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Ford GT Takes Six Hours Of The Glen Class Win In IMSA Championship

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The No. 66 Ford GT of Dirk Mueller and Joey Hand took first place in the GT Le Mans class at the Sahlen’s Six Hours of the Glen at Watkins Glen over the weekend, picking up its first win of the 2018 IMSA WeatherTech SportsCar Championship season. Their comrades Richard Westbrook and Ryan Briscoe in the No. 67 Ford GT were forced to take a sixth-place result at the race despite dominating in Qualifying and starting from pole, as the car suffered a front roll bar breakage, impairing its handling.

The break occurred at the time of the No. 67 car’s first pit stop, roughly an hour into the race. “The car was obviously very difficult to drive,” said driver Richard Westbrook after the race. He set the fastest lap of the six-hour event in the GTLM class, running an impressive 1:42.872. “That’s a key part of our set-up, to have some roll support. It’s a little hard to take because the weekend promised so much. But when it comes down to it, lady luck wasn’t with us. I’m really happy our teammates were able to win.”

Yet it was the slower of the two Ford GT race cars that brought home the win at the Six Hours of the Glen, after Joey Hand’s brilliantly-executed fuel-sipping strategy allowed the car to cut its final refueling stop short and get right back out on track. Taking over for the final stint, Dirk Mueller drove all-out to fend off the No. 3 Corvette C7.R (second) and No. 911 Porsche 911 RSR (third), scoring the No. 66 car’s first win since Road America in 2017.

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“We worked on our race car all weekend,” Hand said after the race. “We didn’t have the fastest car. The No. 67 had a great weekend, actually, and we just kept working at it.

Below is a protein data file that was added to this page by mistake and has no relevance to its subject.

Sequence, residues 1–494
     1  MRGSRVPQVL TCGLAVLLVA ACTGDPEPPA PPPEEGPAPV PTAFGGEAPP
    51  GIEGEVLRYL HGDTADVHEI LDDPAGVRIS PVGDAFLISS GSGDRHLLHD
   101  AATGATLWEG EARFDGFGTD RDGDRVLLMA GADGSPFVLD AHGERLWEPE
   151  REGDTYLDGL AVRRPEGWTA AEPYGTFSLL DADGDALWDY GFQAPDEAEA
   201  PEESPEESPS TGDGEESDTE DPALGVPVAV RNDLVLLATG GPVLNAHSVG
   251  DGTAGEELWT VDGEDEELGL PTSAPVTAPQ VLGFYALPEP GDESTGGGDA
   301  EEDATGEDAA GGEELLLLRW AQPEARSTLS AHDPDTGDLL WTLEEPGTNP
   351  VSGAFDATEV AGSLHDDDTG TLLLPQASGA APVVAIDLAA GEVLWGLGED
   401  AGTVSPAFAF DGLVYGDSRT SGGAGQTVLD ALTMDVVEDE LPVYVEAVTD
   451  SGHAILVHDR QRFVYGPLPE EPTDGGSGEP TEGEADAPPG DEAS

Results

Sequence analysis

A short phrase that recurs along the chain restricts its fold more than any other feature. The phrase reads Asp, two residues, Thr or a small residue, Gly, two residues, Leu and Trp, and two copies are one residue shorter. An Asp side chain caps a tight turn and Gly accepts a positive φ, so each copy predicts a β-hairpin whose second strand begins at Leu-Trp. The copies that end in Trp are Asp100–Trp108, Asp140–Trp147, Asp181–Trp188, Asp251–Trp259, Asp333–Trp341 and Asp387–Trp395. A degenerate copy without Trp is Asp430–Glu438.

“We made changes this morning in warm-up. That’s one thing we do well as a team on the No. 66 car; Dirk and I have been driving together so long and we know each other so well, we always try to make a racecar, thinking ‘what kind of car do we need to pass on the dirt and gravel?'”

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Written by Aaron Brzozowski

Aaron Brzozowski is a writer and motoring enthusiast from Detroit with an affinity for '80s German steel. He is not active on the Twitter these days, but you may send him a courier pigeon.

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2 Comments

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  1. Did this multimillion dollar project help sell more cars. I am trying to understand the importance of racing when Ford decided not to sell sedans, and put money in a vehicle that cost $400,000 to purchase. Ford could have put millions into R&D to develop and sell Ford Fusions. Just wondering.

    • It could go either way.

      On the one hand, there are obvious costs associated with the Ford GT program, including major development costs. Ford doesn’t actually produce the GT, so the production cost is incremental as a cost of good. So there’s that.

      On the other hand, there is undeniable track to street carry-over that improves regular production vehicles, from the Fiesta and EcoSport to the Fusion, Edge, Explorer, and Lincoln models. The is also the success of the new GT in the various motorsports it has competed in, which has significant upside for the image of the Ford brand globally.

      Was it worth it? Is the Ford GT project profitable? We don’t know, and probably won’t for a long while. But the decision to axe sedans from the U.S. lineup is a short-sighted move that will likely come back to bight them in the future.

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